donald trump say that they would just outright cancel thing agreement, how feasible would something like that be were he to win the white house in november, and what would some of the complications be? >> well, first of all, i don't want to comment on any candidates' statements, but i will reiterate our position. couple of points of relevance. one is that when president obama issued the climate action plan in 2013, this was based on exercising administrative aut r authorities using well established rule-making processes. those are in effect and are will remain in effect without a very e l elaborate process to address them again, and this is the first point. but the second point, look, every country in the world is committed to considerably increasing its deployment of the clean energy technology over the next 10, 15, 20 years ash and
that means that we are going to have multi trillion dollar markets developing, and we want to be at the head of the line in terms of continuing the edge in innovation, and being able to not only meet our own domestic needs, but to capture a big part of the global market, and our view is that it is foolish to not be a part of the clean energy transformation that is really well under way and will accelerate in the next years. >> and just to get a little bit more granularity on what you said, mr. secretary. you are a stone's throw from the valley where you sit, and when you are looking at the e solar, wind, battery innovation, and where are you thinking that silicon valley is putting the tip of the spear on that innovatio innovation? >> well, first of all, as you say, silicon valley is a well known home to innovation, and that one reason that we chose this venue for the meeting. now, what we have seen from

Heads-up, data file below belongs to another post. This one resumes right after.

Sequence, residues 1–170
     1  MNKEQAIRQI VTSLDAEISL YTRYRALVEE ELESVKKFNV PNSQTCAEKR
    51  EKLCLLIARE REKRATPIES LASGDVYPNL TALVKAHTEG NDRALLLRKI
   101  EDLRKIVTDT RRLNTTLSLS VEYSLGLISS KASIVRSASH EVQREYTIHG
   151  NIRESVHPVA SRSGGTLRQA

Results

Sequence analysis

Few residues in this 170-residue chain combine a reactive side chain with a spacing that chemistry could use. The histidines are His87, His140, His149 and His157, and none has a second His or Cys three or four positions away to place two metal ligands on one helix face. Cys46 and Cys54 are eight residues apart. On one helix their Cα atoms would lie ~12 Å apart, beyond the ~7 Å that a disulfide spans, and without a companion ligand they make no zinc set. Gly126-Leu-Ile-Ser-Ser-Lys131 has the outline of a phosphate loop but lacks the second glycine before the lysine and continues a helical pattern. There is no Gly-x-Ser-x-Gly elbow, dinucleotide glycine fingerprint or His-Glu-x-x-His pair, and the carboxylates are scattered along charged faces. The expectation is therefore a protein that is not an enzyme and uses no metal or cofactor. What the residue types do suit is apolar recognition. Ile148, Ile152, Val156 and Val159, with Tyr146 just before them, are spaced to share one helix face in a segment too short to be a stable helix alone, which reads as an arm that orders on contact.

silicon valley, and the entrepreneurs across the country, we have seen through the combination of the technology, and through increasing deployment, and aligned policies like some tax incentives we have seen the costs of those technologies that you mentioned, solar, wind, batteries, l.e.d. lighting drop from between 40 to 90% over a mere six or seven years which is the kind of innovation that we want to keep pushing. i should say as well that the commitment to innovation as part of the solution to climate, to economic growth to access to energy for the world's poor, to energy security, that is launchfed by commitments from 20 major economies, and however, in parallel, a major investor group organized by bill gates called the breakthrough energy coalition has committed to putting their money on the table. >> and but, of course, stingily
the price of oil and gas remain low because of the glut, and we have an opec meeting at the end of the week, and mr. secretary, do you expect to see any coordinated action from the p producers to help stem the decline of oil prices which has stabilize somewhat, but still very closely watched. >> well, the price of oil as you have said has gone up from $30 to $50 and the opec producers as you say will decide in erps of how they want to address the market share, but i want to make a really important point. the price of oil is a global price. it is obviously much lower than it was just a year, a year and a half ago, but it has not in any way stopped the dramatic growth in solar deployment, in wind deployment, and the drop in battery prices, and you can see it now going into the grid. so i you think that we expect